cannabis tax revenue
cannabis tax revenue

Where Do Cannabis Tax Dollars End Up Going? - Combating Bullying, Homelessness, Drug Abuse, and More!

Where are states putting their cannabis tax dollars to work?

Posted by:
Joseph Billions on Tuesday Jul 12, 2022

cannabis tax revenue

Cannabis Tax Dollars: Combating Homelessness, Bullying & More

If you reside in any cannabis legal state, odds are you've been affected by the income generated by the cannabis industry in at least one way. Regulatory commissions in several states are approving and issuing permits to interested applicants at a reasonable rate, resulting in cannabis stores and facilities in different locations within the states.


Every cannabis legal state enjoys huge tax revenues from its resident cannabis-related businesses. As with most generated taxes in these states, the cannabis tax dollars are being invested back into the economy as soon as they're generated. Truth be told, it is no longer financially wise for States to ignore the little green plant. If not for anything, non-legal states could consider the wonders cannabis tax dollars could help create if they legalize the plant and its sales.


Revenues Made for States and Local Governments from Cannabis Taxes

States like California, Alaska, Colorado, Michigan, Massachusetts, Oregon, and Illinois generate billions of dollars in taxes annually from their legal cannabis industries. It is worth noting that some legal states do not regulate or tax cannabis sales, especially those that only have medical cannabis industries.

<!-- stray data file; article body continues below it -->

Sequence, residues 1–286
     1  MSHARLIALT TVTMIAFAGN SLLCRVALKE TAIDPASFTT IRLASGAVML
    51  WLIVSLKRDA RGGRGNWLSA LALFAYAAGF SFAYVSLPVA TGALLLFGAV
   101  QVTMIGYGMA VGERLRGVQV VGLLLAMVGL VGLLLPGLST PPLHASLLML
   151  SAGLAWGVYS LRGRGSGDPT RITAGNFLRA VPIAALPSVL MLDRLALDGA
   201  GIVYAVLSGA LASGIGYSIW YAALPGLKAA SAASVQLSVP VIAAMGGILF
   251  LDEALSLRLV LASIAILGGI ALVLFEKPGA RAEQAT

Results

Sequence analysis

The States of Colorado and Washington began collecting cannabis taxes in 2014. Before the COVID-19 pandemic outbreak, both states were generating an estimate of $450 million annually in state cannabis tax, which was equivalent to 1 percent of the state's revenue. Other states like Oregon, California, Alaska, and Nevada recorded $95 million, $354 million, $15 million, and $87 million, respectively, in 2018.


Over the years, states have released statements showing the purpose these cannabis tax dollars have been utilized for. For example, Colorado spends most of its cannabis tax on constructing or renovating schools, providing scholarships for residents of disadvantaged and low-income communities, providing marijuana education, and creating rehabilitation and addiction prevention centers.


How States Use Cannabis Tax Dollars

Marijuana revenue is being used to bring rays of hope to communities that the war on drugs has ravaged. Major states are putting these funds to work in the most positive way possible. With this fund, most state governments believe they can effectively put a gradual end to the stigma surrounding cannabis use one project at a time. 


Anti-Bullying Campaigns

Colorado has an active anti-bullying program annually funded by the state's cannabis tax dollars. This program is considered one of the best in the country. It has received local and national praise from parents, alumni, teachers, and other watchdog groups for its usefulness in the school system today.


On November 3, 2015, Colorado voters approved Proposition BB. According to this proposal, the state can keep the extra revenue from marijuana sales, which amounted to about $66 million in 2016. It funds neighborhood initiatives like anti-bullying lessons for the top schools.


Schools had to apply for the grant to be considered for the program. In 2017, 50 schools were first selected to benefit from pot tax dollars in the state. Since then, there has been a significant drop in students being the target of bullying in schools (as reported by the Colorado education department).